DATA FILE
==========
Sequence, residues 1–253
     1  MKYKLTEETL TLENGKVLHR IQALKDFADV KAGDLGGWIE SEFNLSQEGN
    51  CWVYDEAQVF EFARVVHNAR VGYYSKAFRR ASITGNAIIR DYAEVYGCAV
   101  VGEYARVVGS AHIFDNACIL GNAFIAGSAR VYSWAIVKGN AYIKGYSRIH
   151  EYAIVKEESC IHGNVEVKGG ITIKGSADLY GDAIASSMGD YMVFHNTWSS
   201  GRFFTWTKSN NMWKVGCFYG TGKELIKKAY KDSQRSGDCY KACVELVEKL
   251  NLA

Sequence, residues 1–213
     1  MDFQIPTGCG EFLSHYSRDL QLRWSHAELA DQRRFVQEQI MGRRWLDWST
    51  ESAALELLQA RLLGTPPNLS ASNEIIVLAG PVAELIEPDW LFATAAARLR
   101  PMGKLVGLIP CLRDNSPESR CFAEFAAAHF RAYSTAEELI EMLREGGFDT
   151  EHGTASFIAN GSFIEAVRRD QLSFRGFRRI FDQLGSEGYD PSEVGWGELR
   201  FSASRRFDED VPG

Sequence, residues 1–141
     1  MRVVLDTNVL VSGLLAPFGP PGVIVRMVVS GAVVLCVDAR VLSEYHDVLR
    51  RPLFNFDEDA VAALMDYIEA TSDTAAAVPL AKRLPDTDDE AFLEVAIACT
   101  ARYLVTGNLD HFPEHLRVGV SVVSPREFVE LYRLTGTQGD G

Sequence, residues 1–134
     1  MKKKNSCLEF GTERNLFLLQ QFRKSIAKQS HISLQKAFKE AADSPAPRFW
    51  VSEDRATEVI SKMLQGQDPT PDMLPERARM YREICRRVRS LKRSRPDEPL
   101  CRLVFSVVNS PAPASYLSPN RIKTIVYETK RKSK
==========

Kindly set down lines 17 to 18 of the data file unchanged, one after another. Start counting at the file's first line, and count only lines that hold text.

   101  ARYLVTGNLD HFPEHLRVGV SVVSPREFVE LYRLTGTQGD G

Sequence, residues 1–134